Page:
A simple routing switcher

Routing switcher panel (courtesy Image Video)

Intercom Systems

Connecting the humans all together is just as important as connecting all of the equipment together. The generally accepted way to speak to other parties involved in a television operation (apart from frantic screaming during an intense moment in the control room) is through an intercom panel.

Intercom systems come in various sizes, shapes, and complexities but the basic principle is the same in all of them: transmit someone's voice to some other particular person, with no distortion or interruption from other parties. Sometimes many parties may need to speak to one individual; often that one person wants to speak with a whole group of people at once.

RTS-Telex intercom panel (click on the picture for a bigger view)

The standard intercom system will involve several intercom base stations (the ones mounted in control room consoles and equipment areas); floor director belt packs; camera headsets; on-air talent IFB (interruptible foldback earpiece); a source of on-air program audio that's normally being fed to the on-air talent; and, with modern systems, some type of computerized control over the whole system. In addition, more complex systems may involve the ability to interface with someone on a telephone outside of the production facility; incoming satellite communications from a remote feed; wireless talent IFB and wireless floor director systems; and interconnection with two-way hand held radios.

Typical intercom system, showing the various devices that can be connected

Data Circuits

Beyond the usual video and audio connections, there are many other control signals being sent around the station. Some control character generators and switchers; others start and stop videotape machines by remote control; still others steer satellite dishes. Whole books could be written about these signals; in fact, they have been - see the bibliography.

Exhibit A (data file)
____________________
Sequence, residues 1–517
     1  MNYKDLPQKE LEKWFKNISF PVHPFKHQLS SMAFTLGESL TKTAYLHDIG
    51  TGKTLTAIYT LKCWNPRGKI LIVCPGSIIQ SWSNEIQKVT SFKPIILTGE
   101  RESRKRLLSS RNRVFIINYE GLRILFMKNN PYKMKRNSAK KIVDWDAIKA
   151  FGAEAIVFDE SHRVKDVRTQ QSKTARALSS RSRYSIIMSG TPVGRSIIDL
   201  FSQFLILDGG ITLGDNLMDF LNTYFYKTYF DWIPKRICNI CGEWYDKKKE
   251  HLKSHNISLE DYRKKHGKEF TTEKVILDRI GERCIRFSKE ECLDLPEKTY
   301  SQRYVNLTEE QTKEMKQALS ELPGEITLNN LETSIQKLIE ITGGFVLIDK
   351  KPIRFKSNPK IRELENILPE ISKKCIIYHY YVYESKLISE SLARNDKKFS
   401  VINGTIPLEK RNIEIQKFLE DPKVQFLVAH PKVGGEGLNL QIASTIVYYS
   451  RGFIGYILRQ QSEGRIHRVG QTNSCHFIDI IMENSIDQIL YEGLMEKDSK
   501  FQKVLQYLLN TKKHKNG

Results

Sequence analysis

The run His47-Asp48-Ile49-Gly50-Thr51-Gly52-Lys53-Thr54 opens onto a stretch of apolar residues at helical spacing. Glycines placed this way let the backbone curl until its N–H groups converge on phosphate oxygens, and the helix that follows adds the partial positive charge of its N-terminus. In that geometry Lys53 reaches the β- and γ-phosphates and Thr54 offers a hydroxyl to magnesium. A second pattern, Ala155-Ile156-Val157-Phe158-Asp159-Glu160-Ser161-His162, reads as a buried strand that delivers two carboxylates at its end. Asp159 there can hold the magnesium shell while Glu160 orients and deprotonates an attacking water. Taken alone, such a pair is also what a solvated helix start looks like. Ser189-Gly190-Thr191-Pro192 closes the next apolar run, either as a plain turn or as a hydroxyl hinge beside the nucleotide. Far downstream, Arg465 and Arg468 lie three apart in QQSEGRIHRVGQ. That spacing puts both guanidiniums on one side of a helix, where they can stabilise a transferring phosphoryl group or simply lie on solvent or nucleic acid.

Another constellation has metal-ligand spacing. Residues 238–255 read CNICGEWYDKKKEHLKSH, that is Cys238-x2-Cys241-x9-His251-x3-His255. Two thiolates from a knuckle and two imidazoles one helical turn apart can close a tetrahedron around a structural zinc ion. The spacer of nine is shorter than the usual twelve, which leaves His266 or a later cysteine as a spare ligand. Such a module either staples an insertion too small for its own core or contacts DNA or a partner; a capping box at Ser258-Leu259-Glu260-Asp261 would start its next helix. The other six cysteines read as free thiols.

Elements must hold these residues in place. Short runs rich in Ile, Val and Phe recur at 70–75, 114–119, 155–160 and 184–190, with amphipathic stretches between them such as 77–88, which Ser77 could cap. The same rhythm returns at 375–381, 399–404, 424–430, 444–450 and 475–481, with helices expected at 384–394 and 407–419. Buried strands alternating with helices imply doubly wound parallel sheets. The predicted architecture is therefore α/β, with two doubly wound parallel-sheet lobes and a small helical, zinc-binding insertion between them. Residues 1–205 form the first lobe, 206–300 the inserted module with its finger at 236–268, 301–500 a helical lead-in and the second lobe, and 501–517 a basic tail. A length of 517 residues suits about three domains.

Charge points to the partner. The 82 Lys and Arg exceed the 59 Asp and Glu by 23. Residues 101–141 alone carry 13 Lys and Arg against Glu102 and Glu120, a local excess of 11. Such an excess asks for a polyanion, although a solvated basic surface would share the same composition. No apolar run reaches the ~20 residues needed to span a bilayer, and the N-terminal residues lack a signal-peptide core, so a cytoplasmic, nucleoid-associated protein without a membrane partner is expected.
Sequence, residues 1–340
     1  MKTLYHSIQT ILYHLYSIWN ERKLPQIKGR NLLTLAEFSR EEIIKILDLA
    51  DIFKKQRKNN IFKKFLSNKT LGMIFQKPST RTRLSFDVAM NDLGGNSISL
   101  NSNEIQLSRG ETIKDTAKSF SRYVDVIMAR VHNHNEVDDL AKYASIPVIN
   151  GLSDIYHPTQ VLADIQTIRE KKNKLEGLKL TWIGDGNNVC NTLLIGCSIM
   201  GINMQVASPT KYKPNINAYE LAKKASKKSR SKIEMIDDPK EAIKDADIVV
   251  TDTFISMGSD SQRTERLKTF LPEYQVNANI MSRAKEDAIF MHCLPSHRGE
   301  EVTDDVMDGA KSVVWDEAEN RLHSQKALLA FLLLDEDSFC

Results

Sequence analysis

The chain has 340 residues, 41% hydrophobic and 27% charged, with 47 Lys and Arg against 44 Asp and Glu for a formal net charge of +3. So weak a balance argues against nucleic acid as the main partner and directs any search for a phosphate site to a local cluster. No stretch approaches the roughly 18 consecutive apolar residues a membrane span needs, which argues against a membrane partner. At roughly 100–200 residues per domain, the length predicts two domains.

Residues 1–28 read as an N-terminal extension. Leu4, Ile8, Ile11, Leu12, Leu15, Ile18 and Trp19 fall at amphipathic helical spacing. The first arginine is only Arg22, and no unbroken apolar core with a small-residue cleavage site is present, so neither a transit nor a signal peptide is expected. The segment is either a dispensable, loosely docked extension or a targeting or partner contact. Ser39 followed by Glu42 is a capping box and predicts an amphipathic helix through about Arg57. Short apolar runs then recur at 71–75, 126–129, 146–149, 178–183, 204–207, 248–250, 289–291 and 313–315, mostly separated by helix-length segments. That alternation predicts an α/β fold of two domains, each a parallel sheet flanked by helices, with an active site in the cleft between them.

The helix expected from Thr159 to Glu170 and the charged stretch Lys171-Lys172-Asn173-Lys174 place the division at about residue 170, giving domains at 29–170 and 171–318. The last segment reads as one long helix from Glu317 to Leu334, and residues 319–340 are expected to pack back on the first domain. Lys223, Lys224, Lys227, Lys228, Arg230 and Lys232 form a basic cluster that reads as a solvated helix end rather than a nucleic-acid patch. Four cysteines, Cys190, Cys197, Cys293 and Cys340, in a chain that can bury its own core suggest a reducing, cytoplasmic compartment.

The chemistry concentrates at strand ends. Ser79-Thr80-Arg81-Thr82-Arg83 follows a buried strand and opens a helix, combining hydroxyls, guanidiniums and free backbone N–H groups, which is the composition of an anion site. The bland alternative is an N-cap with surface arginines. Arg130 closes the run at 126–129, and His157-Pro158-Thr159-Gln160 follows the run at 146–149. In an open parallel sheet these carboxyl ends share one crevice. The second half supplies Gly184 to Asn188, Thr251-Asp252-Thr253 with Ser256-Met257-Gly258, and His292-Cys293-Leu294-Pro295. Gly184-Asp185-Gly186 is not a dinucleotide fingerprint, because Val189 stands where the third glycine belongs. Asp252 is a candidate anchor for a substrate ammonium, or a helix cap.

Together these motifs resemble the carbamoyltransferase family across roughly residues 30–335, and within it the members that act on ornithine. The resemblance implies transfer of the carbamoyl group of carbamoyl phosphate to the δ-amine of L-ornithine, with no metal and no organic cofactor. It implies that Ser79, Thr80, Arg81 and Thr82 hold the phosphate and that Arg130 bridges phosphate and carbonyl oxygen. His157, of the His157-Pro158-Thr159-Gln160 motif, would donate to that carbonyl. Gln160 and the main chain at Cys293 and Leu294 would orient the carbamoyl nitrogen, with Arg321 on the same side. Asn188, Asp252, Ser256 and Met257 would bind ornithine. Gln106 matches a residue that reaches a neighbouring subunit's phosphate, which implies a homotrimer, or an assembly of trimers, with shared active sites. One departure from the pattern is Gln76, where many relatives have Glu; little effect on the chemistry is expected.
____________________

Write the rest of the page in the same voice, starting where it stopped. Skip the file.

The easiest way to think about all of this "data transmission" is to break it down into three parts: a transmitter of information, the information path itself, and a receiver of the data. Often, the same piece of gear will transmit and receive signals. These systems don't use human language; they have their own specific series of codes to tell each piece of equipment what to do.


Terminals are the human interface to the machinery. Some people think of terminals as CRT screens with typewriter-like keyboards attached. Those are very common and are used extensively in a television complex within the computerized Traffic department and for some equipment monitoring functions within areas like the central engineering racks. But terminals can be found in almost any configuration.

A videotape editing remote controller is a terminal; so is the keyboard and CRT arrangement used with the character generator. The transmitter controls and alarm panels in a Master Control Room make up a kind of terminal, but instead of a CRT, it sometimes uses a series of lights to indicate the status of the transmitter. Some terminals can even be called up on the telephone and will speak to you; by punching in a series of numbers using a touch-tone phone, you can communicate with it, ask it questions about the status of equipment, get verbal responses, and even effect changes in the system. The routing switcher controllers and production switcher panels are terminals, as are the intercom stations. All of these terminals send commands to other pieces of equipment.

Talking To Machines

There are basically two ways of sending those commands. When using computers, we must communicate with them using only electrical signals - changes in the current or voltage on a wire.

Because computers are designed to sense the absence or presence of a voltage within an electrical system, the binary system is used. The "0" and the "1" are the symbols of the binary system; with computers the "0" represents an absence of a signal and the "1" represents a presence of a voltage. A binary digit is commonly referred to as a bit.

In the numbering system we humans use (base ten), we have the digits zero through nine to work with. In a number such as 345.27, we understand it to mean "three hundreds, plus four tens, plus five ones, plus two tenths, plus seven hundredths." Similarly, in the binary system, the columnar position of the numbers denotes their "weight" within the final number. Each additional column within the binary system is worth two times what the previous column was.

Counting up to eleven in the decimal system, involves:

Counting up to eleven in the binary system, where we only have two symbols, involves:

Congratulations. You can now count like a computer.

What can be done with these binary numbers? We can certainly do arithmetic with them, and all we need is an absence or presence of a voltage.